It seems to me that the policy solution requires an in depth understanding about the market dynamics of natural monopolies as well as the political realities of a society that has been so brainwashed with "competition" propganda that it can no longer see the world as it really exists.  Most engineers don't have a clue about such human systems and human behaviors nor how to affect them to drive successful outcomes.  Considering the seriousness of the social illness, I'd probably prescribe a pyschologist over a technologist :)

paolo.franzoi
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paolo.franzoi,
User Rank: Light Beer
12/5/2012 | 3:59:04 PM
re: FCC Names Broadband Team


rj,


I am always wondering if they have a proper balance.  They are regulating a technology industry that has plenty of social implications.  Let me use the questions I use to get people to think about it:


Do VoIP carriers have a 911 and CALEA responsibility?


  - Well clearly from past rulings Vonage and Cell Phone types do (even UMA phones).


  - Okay, so what is the number 1 service provider in terms of minutes per month of Voice over IP....answer Microsoft's X-box live.


  - Under what set of definitions do we have that makes X-box live not required to support 911 and CALEA?


I am not saying that they SHOULD have to support the social obligations of a carrier, but they are the largest VoIP carrier in the world.  I can come up with literally dozens of examples.  Many of them involve understanding the technology at a pretty deep level, something the FCC (and Congress) do not.


 


seven


 


 

rjmcmahon
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rjmcmahon,
User Rank: Light Beer
12/5/2012 | 3:59:03 PM
re: FCC Names Broadband Team


Seven, don't know if goverment bureaucrats with their own agenda are any more objective than paid technology consultants.  Watch the movie In The Loop for a demonstration of what to expect out of that :)

rjmcmahon
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rjmcmahon,
User Rank: Light Beer
12/5/2012 | 3:59:02 PM
re: FCC Names Broadband Team


Agreed that a few engineers on staff couldn't hurt.  I'm just not holding my breath that they are going to be the ones that turn things around for broadband.  What our industry needs is a politically powerful bureaucrat that doesn't kowtow to the incumbents but rather focuses on getting investment to folks that will build fiber outside plants.  Seems tough though as folks like Murdoch still don't have a revenue model that pays the bills.  My guess is we're going to get reports out of this FCC and not much else.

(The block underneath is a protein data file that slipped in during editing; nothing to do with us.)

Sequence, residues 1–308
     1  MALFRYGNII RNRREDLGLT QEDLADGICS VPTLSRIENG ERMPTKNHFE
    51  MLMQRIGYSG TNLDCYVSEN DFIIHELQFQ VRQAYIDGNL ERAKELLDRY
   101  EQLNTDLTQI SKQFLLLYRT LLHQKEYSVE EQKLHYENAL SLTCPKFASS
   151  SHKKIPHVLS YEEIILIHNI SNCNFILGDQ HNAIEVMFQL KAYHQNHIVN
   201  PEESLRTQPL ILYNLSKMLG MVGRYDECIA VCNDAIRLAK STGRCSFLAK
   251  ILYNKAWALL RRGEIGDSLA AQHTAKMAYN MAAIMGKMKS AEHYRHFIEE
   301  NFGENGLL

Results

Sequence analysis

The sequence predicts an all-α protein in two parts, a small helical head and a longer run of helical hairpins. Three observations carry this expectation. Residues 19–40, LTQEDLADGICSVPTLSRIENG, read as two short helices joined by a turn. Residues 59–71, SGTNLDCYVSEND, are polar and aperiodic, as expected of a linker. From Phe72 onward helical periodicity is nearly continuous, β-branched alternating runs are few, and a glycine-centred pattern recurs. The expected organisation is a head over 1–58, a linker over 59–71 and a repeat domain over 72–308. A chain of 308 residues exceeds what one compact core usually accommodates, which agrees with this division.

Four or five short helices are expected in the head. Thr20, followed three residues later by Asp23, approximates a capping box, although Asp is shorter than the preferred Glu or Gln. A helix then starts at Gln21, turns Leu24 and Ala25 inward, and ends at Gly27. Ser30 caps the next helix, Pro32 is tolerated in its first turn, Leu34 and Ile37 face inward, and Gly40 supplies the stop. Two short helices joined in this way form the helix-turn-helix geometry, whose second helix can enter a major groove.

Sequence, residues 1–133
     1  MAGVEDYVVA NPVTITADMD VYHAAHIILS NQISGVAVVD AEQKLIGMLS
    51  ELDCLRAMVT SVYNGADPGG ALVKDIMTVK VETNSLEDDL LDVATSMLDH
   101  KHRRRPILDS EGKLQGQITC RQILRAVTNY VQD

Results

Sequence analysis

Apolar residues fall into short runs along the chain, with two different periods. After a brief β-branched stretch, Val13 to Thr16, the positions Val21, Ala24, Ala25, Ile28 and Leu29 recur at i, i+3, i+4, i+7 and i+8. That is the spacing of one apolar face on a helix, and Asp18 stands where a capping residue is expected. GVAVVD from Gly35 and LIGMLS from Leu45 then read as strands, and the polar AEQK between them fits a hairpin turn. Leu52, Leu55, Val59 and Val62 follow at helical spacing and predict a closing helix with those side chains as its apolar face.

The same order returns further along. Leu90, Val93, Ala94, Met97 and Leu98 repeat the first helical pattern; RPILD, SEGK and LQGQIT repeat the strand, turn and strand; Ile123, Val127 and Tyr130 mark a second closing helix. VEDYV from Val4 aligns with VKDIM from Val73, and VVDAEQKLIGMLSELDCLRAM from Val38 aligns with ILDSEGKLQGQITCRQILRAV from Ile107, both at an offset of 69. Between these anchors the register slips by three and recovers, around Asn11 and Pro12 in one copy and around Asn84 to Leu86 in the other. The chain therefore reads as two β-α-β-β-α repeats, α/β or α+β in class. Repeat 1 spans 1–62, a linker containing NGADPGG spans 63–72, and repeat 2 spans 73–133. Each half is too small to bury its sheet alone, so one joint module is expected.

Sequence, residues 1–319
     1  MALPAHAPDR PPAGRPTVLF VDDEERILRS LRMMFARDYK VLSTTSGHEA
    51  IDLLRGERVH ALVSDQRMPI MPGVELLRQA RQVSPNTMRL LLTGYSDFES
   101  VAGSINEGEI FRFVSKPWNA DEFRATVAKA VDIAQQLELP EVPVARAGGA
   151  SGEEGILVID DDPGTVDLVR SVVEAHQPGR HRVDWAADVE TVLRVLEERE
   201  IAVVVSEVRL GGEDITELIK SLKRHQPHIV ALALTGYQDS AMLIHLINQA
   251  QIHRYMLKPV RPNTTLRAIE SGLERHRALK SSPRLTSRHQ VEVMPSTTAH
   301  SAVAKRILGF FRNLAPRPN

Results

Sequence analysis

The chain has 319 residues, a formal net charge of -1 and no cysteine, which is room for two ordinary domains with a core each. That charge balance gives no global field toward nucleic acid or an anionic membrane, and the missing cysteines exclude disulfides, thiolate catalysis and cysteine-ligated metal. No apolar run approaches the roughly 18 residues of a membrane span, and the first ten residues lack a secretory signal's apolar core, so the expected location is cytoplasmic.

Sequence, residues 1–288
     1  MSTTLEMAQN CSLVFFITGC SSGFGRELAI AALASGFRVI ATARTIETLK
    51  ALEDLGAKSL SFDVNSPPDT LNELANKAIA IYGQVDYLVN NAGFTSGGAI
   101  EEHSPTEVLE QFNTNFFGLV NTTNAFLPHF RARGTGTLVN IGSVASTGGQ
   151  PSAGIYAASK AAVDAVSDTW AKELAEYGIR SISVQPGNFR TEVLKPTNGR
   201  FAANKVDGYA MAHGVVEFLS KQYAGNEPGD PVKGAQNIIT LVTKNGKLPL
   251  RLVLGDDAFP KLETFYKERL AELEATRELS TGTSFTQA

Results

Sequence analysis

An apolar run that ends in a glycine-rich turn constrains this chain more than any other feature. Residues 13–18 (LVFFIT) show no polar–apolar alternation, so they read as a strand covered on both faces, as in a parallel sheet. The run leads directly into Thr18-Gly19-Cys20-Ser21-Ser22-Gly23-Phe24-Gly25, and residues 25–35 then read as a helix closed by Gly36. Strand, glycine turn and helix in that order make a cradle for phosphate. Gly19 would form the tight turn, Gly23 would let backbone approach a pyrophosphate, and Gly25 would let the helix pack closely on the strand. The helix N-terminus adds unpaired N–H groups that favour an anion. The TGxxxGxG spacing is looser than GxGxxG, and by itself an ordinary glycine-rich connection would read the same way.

paolo.franzoi
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paolo.franzoi,
User Rank: Light Beer
12/5/2012 | 3:59:02 PM
re: FCC Names Broadband Team


 


Of course that movie had that agenda....I don't even have to watch to know that.  But at the end of the day, Consultants work for fees and if somebody shows up and pays a fee they will get the report to say what it will say.  Bribing bureaucrats is a bit more difficult, not impossible.  But consultants have another name in Washington - LOBBYIST.


I agree that most of the FCC should not be technical, but there are actually engineers on staff there.  I just wonder if they could use a few more to keep up with all the technological changes.


seven


 

dhdeans
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dhdeans,
User Rank: Light Beer
12/5/2012 | 3:58:56 PM
re: FCC Names Broadband Team


IMHO, this team needs a savvy marketing communications spokesperson -- the tough challenge is engaging mainstream Americans who still question the need for a national broadband policy.


Without their support, any resulting policy will likely fail to gain momentum.


Learn from past mistakes of prior public policy efforts on this topic, and focus instead on a clear articulate explanation of the compelling "economic development benefits" for all Americans.